It's August, the Westminster Bubble is mostly free of Actual News, so the commentariat turns to navel-gazing. Why, they opine, WHY is poitical party membership falling off a cliff? It's particularly plaintive this year as the Tory party is rumoured to have dropped below 100,000 members
- as recently as 1990 they were over a million
, down from a peak of nearly 3 million. There are a lot of comment pieces about this in the mainstream media, and most of them seem to me to miss the salient point.
When one joins a poltical party, what does one get for one's money? It seems to me, not very much.Chance to become elected
You are much more likely to become elected if you are a member of a party than if you are an independent. And yet, the number of us living in safe seats, and the number of seats available in the first place, means that most mmbers of political parties won't get the chance to become elected, and that's even if they wanted to. Lots of people would rather not be. And those who do become eleced still need the supprt structures provided by a party, so there need to be lots of members who are not (and don't want to be) elected to office.Chance to influence party policy, and thereby the law of the land
This depends on the party. In the Lib Dems, the Greens, and the Pirates there are strong demoratic structures, and party policy is determined by members. I have been very proud to see policies that I have been involved in the formulation of become actual laws (shared parental leave, for example). In Labour and the Conservatives it sees to me that internal party democracy is weaker, although I am sure people will correct me on this if I am wrong. UKIP I have no idea.
The problem is though, that if your party DOES get into government, there's always the chance that the leadership will ignore party policy in favour of whatever the Daily Mail says. I strongly suspect this, or at least the perception of this, to be behind huge amounts of the falloff in Lib Dem membership the last couple of years.
The bottom line is that if you want to influence party policy, and thereby the government, you're much better off if you can afford to spend money directly influencing public opinion in a swing seat, because then all the parties will rush to pander to you. Beating your head against the brick wall of party machinery can sometimes achieve cracks in the wall, but mostly it achieves a sore head.You can get information from the party about what's going on
This can be quite useful. Although the information is quite partisan, it's still going to give you more than you get from the mainstream press. The thing is you have to sign up for a lot of this even as a member of the party. I get to see this every day at work. My work colleagues are signed up to different email lists to me. We all sometimes get stuff that the others don't. People unaware of how these things work are going to miss out on a lot.You can help select candidates for office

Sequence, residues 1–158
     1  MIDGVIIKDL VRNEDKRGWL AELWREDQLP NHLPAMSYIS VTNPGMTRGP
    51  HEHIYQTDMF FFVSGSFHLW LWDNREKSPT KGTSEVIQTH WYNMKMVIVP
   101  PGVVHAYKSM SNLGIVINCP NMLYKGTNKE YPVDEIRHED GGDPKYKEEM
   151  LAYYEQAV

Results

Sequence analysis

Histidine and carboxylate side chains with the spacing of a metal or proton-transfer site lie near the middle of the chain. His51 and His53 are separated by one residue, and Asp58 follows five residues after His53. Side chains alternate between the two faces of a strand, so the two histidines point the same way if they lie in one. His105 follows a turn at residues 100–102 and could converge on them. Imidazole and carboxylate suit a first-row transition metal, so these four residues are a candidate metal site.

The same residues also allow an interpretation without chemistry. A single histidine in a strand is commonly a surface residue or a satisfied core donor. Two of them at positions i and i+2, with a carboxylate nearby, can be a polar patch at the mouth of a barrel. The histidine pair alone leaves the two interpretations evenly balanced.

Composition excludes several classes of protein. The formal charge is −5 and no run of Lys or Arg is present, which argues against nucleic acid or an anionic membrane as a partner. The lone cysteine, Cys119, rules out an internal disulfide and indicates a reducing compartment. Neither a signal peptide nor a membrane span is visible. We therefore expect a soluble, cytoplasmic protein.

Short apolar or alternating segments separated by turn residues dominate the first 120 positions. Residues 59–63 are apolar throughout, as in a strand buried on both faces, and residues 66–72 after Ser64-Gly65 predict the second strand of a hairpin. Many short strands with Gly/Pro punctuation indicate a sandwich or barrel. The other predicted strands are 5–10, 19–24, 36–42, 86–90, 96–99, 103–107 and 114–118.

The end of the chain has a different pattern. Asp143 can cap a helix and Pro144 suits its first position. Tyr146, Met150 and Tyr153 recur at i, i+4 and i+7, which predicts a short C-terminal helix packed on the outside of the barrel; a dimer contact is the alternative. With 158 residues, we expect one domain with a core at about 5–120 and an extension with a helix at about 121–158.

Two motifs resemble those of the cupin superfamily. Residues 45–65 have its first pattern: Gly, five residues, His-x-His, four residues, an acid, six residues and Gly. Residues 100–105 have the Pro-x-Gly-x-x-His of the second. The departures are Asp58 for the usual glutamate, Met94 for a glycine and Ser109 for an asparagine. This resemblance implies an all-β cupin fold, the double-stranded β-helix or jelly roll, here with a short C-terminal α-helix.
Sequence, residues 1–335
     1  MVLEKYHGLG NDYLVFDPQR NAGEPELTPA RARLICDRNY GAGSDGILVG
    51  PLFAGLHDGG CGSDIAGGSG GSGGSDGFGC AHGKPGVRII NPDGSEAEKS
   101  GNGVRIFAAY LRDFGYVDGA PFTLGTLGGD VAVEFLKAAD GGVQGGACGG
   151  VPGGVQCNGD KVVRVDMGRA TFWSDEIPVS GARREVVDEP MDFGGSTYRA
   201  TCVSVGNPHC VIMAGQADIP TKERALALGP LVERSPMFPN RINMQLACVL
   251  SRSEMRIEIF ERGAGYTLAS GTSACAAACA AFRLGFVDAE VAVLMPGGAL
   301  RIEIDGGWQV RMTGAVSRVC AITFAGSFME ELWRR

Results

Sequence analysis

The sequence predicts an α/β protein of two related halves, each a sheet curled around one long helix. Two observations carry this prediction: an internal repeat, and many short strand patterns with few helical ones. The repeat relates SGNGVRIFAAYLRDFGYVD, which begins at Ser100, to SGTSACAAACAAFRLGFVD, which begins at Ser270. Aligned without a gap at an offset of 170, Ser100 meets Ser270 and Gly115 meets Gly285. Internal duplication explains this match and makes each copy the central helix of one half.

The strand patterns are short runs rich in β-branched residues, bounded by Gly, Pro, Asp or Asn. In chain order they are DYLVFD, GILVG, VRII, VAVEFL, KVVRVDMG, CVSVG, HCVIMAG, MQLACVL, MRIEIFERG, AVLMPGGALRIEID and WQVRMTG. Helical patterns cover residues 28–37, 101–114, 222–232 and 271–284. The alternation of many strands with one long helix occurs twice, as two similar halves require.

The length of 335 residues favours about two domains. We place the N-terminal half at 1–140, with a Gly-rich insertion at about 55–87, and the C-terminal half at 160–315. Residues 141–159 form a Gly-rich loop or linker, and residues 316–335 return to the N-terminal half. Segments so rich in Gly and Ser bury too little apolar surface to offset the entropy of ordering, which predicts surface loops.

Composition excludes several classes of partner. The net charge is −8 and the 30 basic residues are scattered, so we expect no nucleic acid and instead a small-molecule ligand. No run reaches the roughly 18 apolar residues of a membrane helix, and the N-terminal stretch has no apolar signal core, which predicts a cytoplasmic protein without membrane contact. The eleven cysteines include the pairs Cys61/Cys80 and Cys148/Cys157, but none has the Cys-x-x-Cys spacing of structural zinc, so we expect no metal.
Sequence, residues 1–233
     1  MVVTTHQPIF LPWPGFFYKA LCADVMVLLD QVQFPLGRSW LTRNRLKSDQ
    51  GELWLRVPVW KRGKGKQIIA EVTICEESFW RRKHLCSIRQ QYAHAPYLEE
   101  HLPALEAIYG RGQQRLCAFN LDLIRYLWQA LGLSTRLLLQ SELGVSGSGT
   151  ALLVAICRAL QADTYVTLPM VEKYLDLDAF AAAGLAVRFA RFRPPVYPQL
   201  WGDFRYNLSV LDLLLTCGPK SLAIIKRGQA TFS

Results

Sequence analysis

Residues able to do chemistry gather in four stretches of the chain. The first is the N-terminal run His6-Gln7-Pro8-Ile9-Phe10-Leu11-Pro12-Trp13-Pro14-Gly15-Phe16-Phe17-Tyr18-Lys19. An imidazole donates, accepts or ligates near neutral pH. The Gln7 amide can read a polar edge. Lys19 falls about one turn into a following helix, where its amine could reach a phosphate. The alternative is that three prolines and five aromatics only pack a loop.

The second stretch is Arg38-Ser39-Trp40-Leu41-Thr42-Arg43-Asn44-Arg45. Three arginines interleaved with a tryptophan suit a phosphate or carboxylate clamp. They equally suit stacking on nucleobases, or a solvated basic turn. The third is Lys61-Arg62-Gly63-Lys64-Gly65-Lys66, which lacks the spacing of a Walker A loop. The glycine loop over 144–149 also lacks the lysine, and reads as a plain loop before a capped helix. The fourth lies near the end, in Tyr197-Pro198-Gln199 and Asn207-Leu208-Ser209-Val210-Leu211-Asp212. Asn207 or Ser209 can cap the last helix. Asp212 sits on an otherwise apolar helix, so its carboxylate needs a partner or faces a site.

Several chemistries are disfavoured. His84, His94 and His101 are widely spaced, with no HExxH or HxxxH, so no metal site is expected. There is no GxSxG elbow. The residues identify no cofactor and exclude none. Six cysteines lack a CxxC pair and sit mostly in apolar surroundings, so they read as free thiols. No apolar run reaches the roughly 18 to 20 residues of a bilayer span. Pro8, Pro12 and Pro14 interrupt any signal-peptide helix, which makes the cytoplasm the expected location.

Well, you CAN, if you're someone who is good at getting in with the local party heirarchies. Most people who join a political party never go to a local party meetng.You can get to meet famous politicians
See above.It's a badge of honour
Uh, no. Normal people percieve EVERYONE who joins a political party, of whatever stripe, as weird. This is because, with less than half a milion people (I'm not counting Union affiliate members of the Labour party here, partly because many of them aren't Labour supporters, and partly because union membership is in steep decline too) being card-carrying members of any political party, we ARE weird.It's a social club, and you can use it for networking
Again, this only really applies to people who go to the local party meetings. It's not a social club for the armchair member. For me, embedded as I am in the party, the Lib Dems are my family. But having kept in touch with various people who have left for various reasons, it's clear that those friendships, once forged, don't die just because someone is not a member of the club any more.It's a public statement of what you believe in
So is a t-shirt, and a t-shirt is cheaper.
The list above just came from the top of my head, but it's obvious from it that although there are benefits for people who want to be activists, for the armchair member there is very little. And even for those who want to be activists, all too often you pay your subs, turn up to a local meeting, and discover that you have to spend ten years delivering leaflets "voluntarily", all the while paying your subs like a good little soldier, before anyone will listen to a word you have to say. Even those of us who have reached the rarefied position of having something of a voice regularly get told to shut up and deliver leaflets by those higher up the chain.
To me the reason membership of political parties is dwindling is blindingly obvious. For the vast majorty of members, you pay your money and you get nothing at all. The next biggest group are the group who pay their money and get roundly abused and expected to work very hard for the privelege of having paid. For a vanishingly small number, the benefits listed above become worth the money. But for most people? Why in the hell would you hand over hard-earned cash, particularly in today's economic climate, for a big pile of bugger all? You might as well go down the pub (while there's still some pubs left) and spend your money there.
If political parties want to stop the decline in membership they need to offer something that people think is worth spending money on. I don't see it happening any time soon...